A 'tanned and healthy' Urban Meyer surfaces at SEC meetings


First, the good news.  In his first appearance since spring practice ended in April, Urban Meyer met with the media and, to his credit, did not go batsh-t crazy and verbally threaten a member of the press.

Obviously, the sabbatical treated the Florida coach well.

As did, apparently, the diagnosis of the condition that led to the sabbatical(s) since stepping down as head coach — then almost immediately reversing course — back in December.

Speaking at the SEC’s annual spring meetings, Meyer told the assembled masses that the cause of his chest pains were esophageal spasms.  The Orlando Sentinel tweeted that “[t]hose muscle contractions prevent food from traveling properly and causing pain. After the right medication, he hasn’t felt pain since Jan.”

(And I don’t want to hear any comments that his condition is just a fancy way for Meyer to say he choked in the SEC title game.  That’s wrong and, frankly, downright rude.  And I won’t stand for it.  You’ve been warned.)

Meyer, who looked “tanned and healthy” according to the Gainesville Sun, said that he had dealt with the pain for the three years prior to the January diagnosis.

It was reported by multiple sources around the time Meyer’s health issues became public in late December that the coach had issues with his heart.  Here’s WebMD’s description of the symptoms for what was reportedly ailing the coach:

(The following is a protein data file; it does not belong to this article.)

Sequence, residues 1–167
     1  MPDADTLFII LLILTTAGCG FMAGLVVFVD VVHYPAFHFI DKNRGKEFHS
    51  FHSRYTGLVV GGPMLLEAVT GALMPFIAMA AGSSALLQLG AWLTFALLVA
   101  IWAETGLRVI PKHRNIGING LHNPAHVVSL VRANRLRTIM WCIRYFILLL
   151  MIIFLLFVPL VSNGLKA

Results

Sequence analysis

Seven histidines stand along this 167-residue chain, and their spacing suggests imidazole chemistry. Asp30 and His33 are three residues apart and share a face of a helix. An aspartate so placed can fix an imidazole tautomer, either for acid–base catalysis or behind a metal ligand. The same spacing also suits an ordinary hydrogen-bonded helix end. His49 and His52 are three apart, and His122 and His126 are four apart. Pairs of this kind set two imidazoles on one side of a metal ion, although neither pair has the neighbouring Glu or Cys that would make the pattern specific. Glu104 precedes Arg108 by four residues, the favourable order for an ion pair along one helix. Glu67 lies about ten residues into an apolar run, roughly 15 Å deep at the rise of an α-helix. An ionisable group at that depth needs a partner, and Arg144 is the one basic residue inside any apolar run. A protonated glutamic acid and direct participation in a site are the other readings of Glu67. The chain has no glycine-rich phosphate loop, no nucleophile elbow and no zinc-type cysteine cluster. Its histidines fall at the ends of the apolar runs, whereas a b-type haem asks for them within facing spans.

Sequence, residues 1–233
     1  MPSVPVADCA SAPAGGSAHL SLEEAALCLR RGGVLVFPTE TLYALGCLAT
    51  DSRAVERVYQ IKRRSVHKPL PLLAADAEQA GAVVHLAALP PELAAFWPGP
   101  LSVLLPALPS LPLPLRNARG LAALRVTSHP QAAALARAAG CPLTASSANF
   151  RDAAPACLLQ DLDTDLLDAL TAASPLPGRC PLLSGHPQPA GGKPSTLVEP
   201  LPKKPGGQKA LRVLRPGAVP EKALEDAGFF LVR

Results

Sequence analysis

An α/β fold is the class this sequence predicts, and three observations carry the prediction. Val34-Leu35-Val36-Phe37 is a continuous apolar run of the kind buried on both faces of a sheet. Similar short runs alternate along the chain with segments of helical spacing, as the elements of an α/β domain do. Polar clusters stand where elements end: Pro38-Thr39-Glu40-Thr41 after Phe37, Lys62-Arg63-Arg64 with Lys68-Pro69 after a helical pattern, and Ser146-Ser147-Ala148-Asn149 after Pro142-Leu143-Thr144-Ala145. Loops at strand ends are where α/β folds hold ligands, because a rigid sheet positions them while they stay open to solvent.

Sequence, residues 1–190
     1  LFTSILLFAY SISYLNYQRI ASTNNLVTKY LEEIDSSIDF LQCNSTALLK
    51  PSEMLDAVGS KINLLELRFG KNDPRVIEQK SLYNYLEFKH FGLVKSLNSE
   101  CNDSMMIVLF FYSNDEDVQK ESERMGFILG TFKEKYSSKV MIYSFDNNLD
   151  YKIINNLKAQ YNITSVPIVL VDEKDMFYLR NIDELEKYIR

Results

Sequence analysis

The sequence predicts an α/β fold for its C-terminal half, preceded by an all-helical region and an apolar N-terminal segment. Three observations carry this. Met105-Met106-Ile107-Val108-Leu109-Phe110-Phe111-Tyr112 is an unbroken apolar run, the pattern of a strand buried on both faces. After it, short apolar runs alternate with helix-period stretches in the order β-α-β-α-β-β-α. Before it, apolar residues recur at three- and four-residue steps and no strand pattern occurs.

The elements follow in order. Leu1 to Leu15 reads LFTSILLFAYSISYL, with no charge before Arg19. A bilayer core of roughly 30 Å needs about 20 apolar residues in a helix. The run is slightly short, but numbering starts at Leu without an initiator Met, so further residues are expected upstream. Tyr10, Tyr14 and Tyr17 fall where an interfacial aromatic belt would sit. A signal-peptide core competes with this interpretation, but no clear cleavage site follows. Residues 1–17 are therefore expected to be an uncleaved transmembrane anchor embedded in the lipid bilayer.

Most people with this condition have chest pain that may spread outward to the arms, back, neck, or jaw. This pain can feel similar to a heart attack. If you have chest pain, you should be evaluated by a doctor as soon as possible to rule out or treat cardiac disease.

Other symptoms include difficulty or inability to swallow food or liquid, pain with swallowing, the feeling that food is caught in the center of the chest, and a burning sensation in the chest (heartburn).

Given the medical resources at his disposal, it took three years to diagnose what seems to be a relatively straightforward condition?

Or, as Ben Volin of the Palm Beach Post tweeted, “So Urban Meyer quit his job in December because of spasms in his esophagus? Uh huh……”

Regardless, it seems as if Meyer is on track health-wise, which is good news for not only Gator Nation but for college football as well.  It’s a better sport with people like Meyer around, and we’re glad to hear he seems to have place the health issues — whatever they actually were — behind him.

In Baker Mayfield, Texas set to face yet another QB who wanted to be a Longhorn

Baker Mayfield
Associated Press

Jameis WinstonJohnny ManzielAndrew LuckRobert Griffin IIIJ.T. Barrett. Oh, don’t mind me. Just recounting the number of quarterbacks with ties to the Texas football program that never received a sniff from Bevo’s famous snout.

Add another to the list, perhaps the most inexplicable of all: Baker Mayfield.